Commercially available drones are even more sophisticated, and are increasingly used for a variety of activities, including monitoring and inspection, news reporting, search and rescue of missing persons, and delivery of commercial packages or medicine to rural areas. With potential to transform entire industries, the devices may generate significant economic benefits. Although drones may offer society numerous benefits, the potential for information collection through filming, photography or other types of monitoring raises the potential for consumer harms including invasion of privacy, identification, trespass, and harassment.

The National Telecommunications and Information Administration (NTIA) recently convened multi-stakeholder meetings to develop and communicate best practices for privacy, accountability, and transparency issues regarding commercial and private drone use. The drones workshop will explore the following questions related to commercial uses of drones:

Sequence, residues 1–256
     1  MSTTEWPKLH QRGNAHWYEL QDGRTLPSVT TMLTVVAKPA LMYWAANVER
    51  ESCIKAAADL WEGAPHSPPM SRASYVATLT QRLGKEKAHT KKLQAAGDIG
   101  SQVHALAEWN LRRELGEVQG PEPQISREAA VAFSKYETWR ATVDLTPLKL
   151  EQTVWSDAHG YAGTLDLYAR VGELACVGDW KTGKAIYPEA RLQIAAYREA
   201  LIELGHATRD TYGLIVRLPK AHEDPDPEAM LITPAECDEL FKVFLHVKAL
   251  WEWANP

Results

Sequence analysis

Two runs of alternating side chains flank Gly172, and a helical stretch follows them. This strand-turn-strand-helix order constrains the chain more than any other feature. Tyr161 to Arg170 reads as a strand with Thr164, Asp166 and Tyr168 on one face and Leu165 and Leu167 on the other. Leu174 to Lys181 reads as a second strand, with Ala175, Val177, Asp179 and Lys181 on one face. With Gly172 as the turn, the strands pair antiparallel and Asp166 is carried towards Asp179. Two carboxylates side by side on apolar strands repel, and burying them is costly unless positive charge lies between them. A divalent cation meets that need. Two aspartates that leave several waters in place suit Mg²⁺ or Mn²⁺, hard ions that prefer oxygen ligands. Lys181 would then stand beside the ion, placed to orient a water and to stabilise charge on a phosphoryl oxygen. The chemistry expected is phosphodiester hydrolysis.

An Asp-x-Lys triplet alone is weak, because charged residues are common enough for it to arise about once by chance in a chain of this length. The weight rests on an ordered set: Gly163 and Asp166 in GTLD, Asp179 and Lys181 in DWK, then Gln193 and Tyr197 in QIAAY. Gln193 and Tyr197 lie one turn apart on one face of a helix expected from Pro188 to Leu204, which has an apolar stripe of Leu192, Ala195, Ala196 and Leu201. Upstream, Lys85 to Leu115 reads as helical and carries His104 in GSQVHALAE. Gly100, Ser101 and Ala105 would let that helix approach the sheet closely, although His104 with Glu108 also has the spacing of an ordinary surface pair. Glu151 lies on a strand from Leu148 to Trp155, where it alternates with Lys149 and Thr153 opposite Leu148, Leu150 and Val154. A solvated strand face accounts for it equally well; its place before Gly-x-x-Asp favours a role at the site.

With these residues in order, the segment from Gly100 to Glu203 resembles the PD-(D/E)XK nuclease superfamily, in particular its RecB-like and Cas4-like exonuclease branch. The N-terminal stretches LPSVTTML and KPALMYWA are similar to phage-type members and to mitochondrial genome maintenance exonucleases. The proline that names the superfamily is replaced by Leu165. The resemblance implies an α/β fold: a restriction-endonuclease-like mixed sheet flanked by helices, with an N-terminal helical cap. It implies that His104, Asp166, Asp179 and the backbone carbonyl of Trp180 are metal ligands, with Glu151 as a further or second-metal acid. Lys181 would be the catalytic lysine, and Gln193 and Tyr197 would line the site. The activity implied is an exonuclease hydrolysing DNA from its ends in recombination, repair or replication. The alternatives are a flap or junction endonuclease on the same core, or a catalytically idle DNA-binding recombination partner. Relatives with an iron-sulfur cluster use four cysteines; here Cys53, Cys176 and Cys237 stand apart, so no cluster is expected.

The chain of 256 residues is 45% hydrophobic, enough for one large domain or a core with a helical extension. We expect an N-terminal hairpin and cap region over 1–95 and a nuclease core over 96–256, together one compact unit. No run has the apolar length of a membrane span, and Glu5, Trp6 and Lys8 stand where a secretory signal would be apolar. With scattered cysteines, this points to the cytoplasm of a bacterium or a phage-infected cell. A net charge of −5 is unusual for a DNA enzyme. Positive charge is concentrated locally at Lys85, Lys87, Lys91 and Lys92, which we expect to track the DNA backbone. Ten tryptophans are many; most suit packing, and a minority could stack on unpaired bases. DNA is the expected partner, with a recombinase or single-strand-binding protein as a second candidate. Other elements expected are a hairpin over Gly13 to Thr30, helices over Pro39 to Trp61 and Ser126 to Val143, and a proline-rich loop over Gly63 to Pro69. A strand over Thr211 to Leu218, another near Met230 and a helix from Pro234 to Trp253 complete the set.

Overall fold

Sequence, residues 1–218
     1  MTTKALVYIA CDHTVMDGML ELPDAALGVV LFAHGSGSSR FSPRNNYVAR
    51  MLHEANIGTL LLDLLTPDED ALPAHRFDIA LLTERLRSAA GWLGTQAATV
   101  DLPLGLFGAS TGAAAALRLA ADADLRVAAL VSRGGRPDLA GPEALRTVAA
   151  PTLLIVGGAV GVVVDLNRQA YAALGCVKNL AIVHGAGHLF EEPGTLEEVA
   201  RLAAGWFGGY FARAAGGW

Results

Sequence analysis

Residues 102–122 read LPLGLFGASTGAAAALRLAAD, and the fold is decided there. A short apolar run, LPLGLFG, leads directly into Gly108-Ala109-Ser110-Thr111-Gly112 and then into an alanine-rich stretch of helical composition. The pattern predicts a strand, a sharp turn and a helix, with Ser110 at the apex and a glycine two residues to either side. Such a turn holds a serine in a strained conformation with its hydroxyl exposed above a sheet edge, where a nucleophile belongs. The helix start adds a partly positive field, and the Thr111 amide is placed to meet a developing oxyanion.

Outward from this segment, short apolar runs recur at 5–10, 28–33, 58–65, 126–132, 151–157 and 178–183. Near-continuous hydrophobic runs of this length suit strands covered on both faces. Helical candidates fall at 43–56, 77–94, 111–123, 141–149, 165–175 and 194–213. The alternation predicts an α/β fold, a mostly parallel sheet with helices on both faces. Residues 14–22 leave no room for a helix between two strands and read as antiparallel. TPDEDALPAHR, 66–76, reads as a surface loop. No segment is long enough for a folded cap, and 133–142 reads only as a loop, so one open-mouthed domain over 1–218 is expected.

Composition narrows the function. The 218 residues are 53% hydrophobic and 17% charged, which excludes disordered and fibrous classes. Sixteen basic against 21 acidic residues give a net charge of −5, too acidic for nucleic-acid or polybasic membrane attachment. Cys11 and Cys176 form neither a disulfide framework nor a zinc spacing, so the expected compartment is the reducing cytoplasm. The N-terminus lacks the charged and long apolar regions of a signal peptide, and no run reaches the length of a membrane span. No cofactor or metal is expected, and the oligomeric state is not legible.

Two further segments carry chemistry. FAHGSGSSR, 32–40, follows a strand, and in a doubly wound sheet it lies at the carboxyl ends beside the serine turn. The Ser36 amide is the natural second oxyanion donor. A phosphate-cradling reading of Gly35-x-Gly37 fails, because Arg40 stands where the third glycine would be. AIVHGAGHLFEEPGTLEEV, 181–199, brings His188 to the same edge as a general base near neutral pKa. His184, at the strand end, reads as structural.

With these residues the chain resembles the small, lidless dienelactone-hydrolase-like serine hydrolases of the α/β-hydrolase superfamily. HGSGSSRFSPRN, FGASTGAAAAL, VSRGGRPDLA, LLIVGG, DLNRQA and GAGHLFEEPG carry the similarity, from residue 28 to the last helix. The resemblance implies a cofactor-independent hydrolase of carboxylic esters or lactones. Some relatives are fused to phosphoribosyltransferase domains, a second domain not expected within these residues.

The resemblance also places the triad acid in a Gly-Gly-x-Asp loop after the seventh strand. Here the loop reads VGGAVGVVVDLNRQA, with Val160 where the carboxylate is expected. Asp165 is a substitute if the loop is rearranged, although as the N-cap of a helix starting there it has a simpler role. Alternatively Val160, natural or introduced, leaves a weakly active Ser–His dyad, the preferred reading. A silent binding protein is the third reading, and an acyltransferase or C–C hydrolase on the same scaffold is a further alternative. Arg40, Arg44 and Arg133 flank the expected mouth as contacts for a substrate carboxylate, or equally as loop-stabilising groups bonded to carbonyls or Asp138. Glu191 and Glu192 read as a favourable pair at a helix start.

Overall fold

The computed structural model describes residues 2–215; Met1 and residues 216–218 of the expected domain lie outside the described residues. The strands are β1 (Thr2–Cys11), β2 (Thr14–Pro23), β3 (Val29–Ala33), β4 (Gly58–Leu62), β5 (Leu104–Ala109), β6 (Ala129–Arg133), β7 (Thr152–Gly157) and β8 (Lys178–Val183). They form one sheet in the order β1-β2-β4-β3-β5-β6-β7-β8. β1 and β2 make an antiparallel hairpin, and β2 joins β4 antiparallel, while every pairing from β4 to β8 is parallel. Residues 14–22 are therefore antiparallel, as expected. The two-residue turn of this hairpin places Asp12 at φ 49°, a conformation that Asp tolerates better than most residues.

What are the present capabilities of drone technologies? What technology do we foresee in the near future? In the longer term? What privacy concerns do drones raise? Are these concerns unique to drones, or are drones no different from other technologies? For people whose information may be captured by drones, what is the best way to provide transparency?  Given the difficulties of providing consumers with meaningful choices, what should the rules around privacy look like?
Should there be limits on data collection or limits on use?

Moderator:
Jamie Hine/Kate White
Federal Trade Commission

Panelists:

Gregory McNeal
Professor of Law and Public Policy, Pepperdine University School of Law Co-Founder, AirMap